Sunday, March 04, 2007

Sophie's world

I have just added Sophie's blog to my links. I found that she wrote an article together with her parents, and here is what her parents said:

When Sophie was five or six years old, we noticed that when explaining something, she appeared at times to be unable to get words out quickly enough -- as though her brain were racing ahead of her ability to say what she wanted. At first, this happened only occasionally but, as the weeks and months went by, we noticed it more frequently. Friends we talked to said it was a common phenomenon at Sophie's age, and probably she would grow out of it.

She didn't; rather, it happened more often, until we came to see that Sophie had developed a "stutter"of some sort. Inevitably, Sophie herself soon became aware that sometimes she couldn't say sentences smoothly, and this frustrated her. However, she talked fluently enough if she didn't think about her speech, and so it seemed to us that the less we drew attention to it, the better.


These statements drive me insane because I have no good explanation why stuttering got more and more frequent. Now, if there is a defect or default, it should just be noticable right away with the same frequency or intensity, or be less because the brain gets used to it. I can think of three possible modes of explanation: some chemical imbalance getting worse over time, a virus infection spreading slowly and then stopping, and some adaptation mechanism that escalates the situation (like you have a little spot on your face, you open it, wound gets infected, bigger spot, and so on).

7 comments:

Jerome said...

(on a related note)

Although his hypothesis sounds a bit bizarre at first, William Parry may be onto something: "Puzzled about stuttering? If so, here is a book, written in clear, every-day language, that fits together the pieces of the stuttering puzzle as never before. The key to its approach is the Valsalva Hypothesis. This exciting new theory proposes that stuttering blocks may result from a neurological confusion between the voice and the Valsalva mechanism (which normally assists us in exerting effort and forcing things out of the body). The book demonstrates how physical and psychological factors may interact to stimulate and perpetuate stuttering through a "Valsalva-Stuttering Cycle."

The book sheds new light on virtually every aspect of stuttering behavior - its causes, its paradoxes (e.g., why it's worse in some instances but not others), and its many forms of treatment. Finally, it suggests an experimental self-therapy program, called Valsalva Control, aimed at controlling the Valsalva mechanism, breaking the stuttering cycle, and freeing the stutterer's inherent fluency." (from 'Understanding and controlling stuttering')

I've read the book and a lot of it makes sense. Especially the part about the nonsense reaction of trying to squeeze out the words with force (which in fact is a self-defeating reaction).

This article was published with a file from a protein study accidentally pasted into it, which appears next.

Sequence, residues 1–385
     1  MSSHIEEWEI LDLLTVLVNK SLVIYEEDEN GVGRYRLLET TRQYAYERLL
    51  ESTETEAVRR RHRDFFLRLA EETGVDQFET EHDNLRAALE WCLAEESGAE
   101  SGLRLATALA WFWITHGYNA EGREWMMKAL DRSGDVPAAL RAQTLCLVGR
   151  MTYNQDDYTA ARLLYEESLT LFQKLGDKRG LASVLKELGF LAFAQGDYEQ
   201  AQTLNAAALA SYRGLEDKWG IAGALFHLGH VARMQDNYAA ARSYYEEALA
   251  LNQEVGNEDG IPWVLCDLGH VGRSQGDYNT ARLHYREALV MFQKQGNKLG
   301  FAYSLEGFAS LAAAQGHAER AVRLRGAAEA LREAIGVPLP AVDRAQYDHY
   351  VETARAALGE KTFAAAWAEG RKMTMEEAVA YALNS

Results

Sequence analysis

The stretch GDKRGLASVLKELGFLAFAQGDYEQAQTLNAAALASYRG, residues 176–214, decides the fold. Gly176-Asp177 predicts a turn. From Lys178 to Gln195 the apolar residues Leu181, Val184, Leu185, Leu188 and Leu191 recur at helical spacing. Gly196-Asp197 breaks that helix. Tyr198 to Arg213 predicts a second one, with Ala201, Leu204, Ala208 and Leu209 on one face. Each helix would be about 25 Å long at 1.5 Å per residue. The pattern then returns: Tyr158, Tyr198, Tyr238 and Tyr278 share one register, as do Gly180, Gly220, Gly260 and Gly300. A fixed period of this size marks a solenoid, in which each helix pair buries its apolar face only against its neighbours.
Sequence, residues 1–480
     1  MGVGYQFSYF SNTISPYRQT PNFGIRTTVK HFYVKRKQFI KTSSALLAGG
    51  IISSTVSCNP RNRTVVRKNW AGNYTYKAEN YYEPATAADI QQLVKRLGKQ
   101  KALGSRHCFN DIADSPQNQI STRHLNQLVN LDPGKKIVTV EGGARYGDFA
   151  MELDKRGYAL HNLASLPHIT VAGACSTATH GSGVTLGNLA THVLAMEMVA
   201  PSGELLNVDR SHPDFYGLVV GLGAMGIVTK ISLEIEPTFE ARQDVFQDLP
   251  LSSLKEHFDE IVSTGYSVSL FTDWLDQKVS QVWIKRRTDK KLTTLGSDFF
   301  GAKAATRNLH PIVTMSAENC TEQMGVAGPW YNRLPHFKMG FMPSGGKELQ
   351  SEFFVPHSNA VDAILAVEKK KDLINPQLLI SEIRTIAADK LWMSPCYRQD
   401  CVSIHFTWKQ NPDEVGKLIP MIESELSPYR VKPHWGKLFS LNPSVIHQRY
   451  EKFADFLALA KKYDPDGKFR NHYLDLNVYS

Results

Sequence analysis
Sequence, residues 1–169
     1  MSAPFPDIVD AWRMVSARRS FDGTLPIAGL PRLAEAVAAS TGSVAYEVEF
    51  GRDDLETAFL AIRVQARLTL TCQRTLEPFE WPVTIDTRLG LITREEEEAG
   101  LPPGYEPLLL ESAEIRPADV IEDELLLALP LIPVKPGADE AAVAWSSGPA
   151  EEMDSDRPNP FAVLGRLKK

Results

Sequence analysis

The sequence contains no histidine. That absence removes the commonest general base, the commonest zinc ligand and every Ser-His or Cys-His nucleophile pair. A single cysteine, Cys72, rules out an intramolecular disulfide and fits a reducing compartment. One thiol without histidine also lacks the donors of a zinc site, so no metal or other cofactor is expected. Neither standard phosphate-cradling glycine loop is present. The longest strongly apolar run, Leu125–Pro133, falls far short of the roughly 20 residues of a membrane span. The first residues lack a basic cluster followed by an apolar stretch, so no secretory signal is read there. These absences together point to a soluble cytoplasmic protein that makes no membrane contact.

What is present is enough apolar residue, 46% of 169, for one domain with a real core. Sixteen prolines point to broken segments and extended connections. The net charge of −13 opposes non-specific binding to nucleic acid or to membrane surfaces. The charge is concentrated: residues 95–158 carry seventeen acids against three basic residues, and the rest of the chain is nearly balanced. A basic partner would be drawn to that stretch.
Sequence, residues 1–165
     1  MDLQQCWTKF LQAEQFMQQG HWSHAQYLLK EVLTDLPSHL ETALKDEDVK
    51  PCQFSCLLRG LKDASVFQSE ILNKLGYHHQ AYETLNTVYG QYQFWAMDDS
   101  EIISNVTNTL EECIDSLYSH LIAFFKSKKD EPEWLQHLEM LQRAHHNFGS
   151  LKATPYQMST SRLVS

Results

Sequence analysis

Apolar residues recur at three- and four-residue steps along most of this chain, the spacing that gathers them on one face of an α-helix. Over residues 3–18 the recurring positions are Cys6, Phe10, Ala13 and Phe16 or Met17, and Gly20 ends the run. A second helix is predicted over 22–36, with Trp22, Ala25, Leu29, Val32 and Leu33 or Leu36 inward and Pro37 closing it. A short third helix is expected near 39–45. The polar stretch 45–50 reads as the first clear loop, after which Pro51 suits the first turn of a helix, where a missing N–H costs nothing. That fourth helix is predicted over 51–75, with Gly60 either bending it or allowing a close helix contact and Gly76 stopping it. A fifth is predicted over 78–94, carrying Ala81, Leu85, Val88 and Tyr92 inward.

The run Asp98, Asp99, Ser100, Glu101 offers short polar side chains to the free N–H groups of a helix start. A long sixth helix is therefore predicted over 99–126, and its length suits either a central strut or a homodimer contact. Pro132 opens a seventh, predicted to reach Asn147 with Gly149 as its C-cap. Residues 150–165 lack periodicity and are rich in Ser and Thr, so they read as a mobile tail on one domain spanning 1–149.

I'd recommend it.

Ludovich said...

I think the first explanation has more sense: "chemical imbalance getting worse over time". D2 dopamine receptors seem to be the great villains of the story.

Adrian said...

I think your last option that it is some sort of adaptation mechanism is very possible. I am certainly not someone who thinks stuttering is a psychological problem, but I don't think psychology can be ignored. Isn't it possible that we get caught up in a "vicious circle" in which our negative thoughts trigger the underlying flawed neurology and vice versa?

Tom Weidig said...

I heard about the Valsalva mechanism. I cant remember the details. I am a bit skeptical, but it could well be part of the symptoms when blocking. So it would be a secondary symptom. I'll read more about it and write a post.

Law Student said...

I think the chemical imbalance increasing over time is the best theory...though the Valsalva Hypothesis sounds interesting. Yesterday I had a horrid block when my son called down and asked me the name of the current male pop singer I listen to (Josh Groban)...NOTHING worked in getting over the block. None of my tricks worked. All the while, my kid is yelling down, "Dad?! Can you hear me?? Hello!!"

Closet Stutterer said...

Hi Tom,

I'm honored you decided to write about the paper I wrote with my parents.

I don't know if this helps at all, but here are a few additional facts.

No one else in my family stutters. And I didn't start stuttering until I was five years old.

My mother remembers me being very fluent when I first started talking. My father remembers that my stuttering started after a head injury. When I was five, I stood up underneath a table and knocked myself unconscious.

Now, over thirty years later, I find that I only stutter when I think about it beforehand. I do not remember since childhood ever having my stutter take me by surprise.

My guess is that the head injury did some minor neurological damage that caused me to be disfluent in the first place. My desire to speak smoothly like everyone else made my speech more choppy (or worse). Then somewhere along the way (maybe by mid- to late-teens), the neurological defect corrected itself, but my fear of stuttering caused the disfluencies to continue.

But that's just a guess, and that's just how I feel about my stutter.

Best wishes,
Sophie

Manuel said...

Hi,
in my opinion, the valsalva thing is definitely a secondary symptom (like tom said). I mean, just try to speak without that (valsalva) force...what will happen? you will stutter, but without force, hehe :-)!

For me its interesting, that i speak fluent - like a non-stutterer - when i am alone, reading or talking to myself and so on...As soon as somebody gives attention to me,can hear me, i start to stutter (or the symtoms start). The big question is "why"?